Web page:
Artifacts dating to about 2,500 years ago, during the Late Egyptian period, from the Egyptian antiquities set. The trove was found at the “Cemetery of Ancient Animals” in Saqqara, a temple complex on the outskirts of Cairo related to the ancient Egyptian goddess, who was worshiped there in the form of a cat.
However, the complex was renamed in 2019, after archaeologists discovered different types of animal mummies and statues of various Egyptian gods there.
Among the discoveries found on May 30, archaeologists discovered many figurines depicting cats and Egyptian gods and various gods and goddesses.
The director of the excavation, Mohammed Al Saidi said: “Today’s discovery confirms that the temple was not dedicated to cats but to other Egyptian gods.”
The cemetery at Saqqara is located near the edge of a desert plateau about 25 kilometers south of Cairo. The ancient tomb site has been the site of large-scale excavations by Egyptian archaeologists since 2018. This is the fifth largest artifact found there – including 59 mummies found in 2020 and there are still a lot of years of work left to do.
The latest finds include about 150 bronze statues of ancient Egyptian gods, such as Anubis, the god of death often depicted with the head of a jackal; Osiris, king of the dead; Amon-Min, a fertility god often depicted with an erect penis; Nefertem, son of Bastet; Isis, wife of Osiris and goddess of fertility; and Hathor, a hugely popular goddess who was considered the protector of women.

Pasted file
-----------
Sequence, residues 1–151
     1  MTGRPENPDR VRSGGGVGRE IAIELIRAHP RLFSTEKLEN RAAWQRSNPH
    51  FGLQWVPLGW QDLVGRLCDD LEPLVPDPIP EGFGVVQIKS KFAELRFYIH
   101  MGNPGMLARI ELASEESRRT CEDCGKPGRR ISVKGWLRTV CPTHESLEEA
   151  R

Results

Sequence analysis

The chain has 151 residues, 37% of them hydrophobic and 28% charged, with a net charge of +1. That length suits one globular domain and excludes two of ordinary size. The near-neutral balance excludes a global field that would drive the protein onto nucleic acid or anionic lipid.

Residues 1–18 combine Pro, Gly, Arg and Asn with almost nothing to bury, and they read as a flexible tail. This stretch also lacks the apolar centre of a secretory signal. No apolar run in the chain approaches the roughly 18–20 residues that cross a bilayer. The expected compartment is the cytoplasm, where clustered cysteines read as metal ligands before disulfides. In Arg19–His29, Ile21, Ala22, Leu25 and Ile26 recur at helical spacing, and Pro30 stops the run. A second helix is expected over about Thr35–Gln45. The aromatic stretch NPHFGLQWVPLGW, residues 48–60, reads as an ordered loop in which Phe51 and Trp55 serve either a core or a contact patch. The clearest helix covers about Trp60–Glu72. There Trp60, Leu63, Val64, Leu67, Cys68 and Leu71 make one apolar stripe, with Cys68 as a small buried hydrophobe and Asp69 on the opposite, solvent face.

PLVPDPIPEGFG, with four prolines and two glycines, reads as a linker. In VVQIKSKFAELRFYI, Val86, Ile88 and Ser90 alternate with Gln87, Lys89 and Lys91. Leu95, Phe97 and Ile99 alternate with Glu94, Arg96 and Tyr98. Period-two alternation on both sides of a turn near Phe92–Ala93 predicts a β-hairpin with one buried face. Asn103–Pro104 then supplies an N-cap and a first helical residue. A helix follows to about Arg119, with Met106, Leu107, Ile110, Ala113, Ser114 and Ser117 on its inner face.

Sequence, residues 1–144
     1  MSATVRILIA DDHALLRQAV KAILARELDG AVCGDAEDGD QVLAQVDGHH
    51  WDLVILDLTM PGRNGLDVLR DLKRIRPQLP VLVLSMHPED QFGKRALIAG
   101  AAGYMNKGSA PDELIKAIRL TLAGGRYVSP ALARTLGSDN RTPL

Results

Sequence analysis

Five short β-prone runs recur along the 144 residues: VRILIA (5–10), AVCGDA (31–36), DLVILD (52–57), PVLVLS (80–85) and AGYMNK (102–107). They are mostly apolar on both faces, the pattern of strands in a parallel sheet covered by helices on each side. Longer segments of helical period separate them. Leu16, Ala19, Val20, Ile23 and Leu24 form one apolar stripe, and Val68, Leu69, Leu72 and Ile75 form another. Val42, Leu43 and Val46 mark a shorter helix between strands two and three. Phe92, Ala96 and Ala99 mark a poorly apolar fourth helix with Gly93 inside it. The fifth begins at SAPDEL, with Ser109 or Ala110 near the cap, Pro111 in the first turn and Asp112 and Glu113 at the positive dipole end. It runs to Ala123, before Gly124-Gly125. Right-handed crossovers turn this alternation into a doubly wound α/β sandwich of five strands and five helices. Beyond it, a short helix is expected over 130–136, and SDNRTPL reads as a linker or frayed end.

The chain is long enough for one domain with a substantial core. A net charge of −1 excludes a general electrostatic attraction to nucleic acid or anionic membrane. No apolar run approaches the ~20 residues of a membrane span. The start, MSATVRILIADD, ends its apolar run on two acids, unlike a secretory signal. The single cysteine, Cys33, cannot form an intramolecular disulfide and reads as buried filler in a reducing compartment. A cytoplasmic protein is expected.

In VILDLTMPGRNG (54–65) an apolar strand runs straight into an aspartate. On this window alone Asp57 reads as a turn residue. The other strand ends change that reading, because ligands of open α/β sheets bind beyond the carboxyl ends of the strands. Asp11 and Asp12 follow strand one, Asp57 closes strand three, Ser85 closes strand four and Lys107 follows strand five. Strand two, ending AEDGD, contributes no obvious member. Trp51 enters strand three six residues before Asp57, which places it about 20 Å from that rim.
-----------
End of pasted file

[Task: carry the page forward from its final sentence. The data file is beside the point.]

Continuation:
Archaeologists have also found two painted wooden statues of the goddesses Isis and Neftis, or Nephthys – Isis’s sister. Both goddesses are depicted as guardians of the coffin, and each of the two statues has a face made of layers of gold leaf.
Archaeologists also found a papyrus scroll – paper made from reeds – in the same coffin; it has not been rolled up, but archaeologists think it may have been up to 10 meters long and contained chapters of the Egyptian Book of the Dead, a ritual text intended to guide a dead person’s journey through the world. the other side. It has now been sent to a lab for further testing.
This is the first time that any artifacts from the Late Egyptian period have been found at Saqqara, according to a statement from the Egyptian Ministry of Antiquities.
Mustafa Waziri, General Secretary of Egypt’s Supreme Council of Antiquities, noted that the early stages of excavations at Saqqara unearthed the unique tomb of a priest and official named “Wahtye”, lived around 2,500 BC during the Fifth Dynasty.
Excavators have also discovered seven dolmens at the site: three from the New Kingdom period of Egypt (1570 BC to 1069 BC) and four from the Old Kingdom period (from 2575 BC) BC to 2150 BC).
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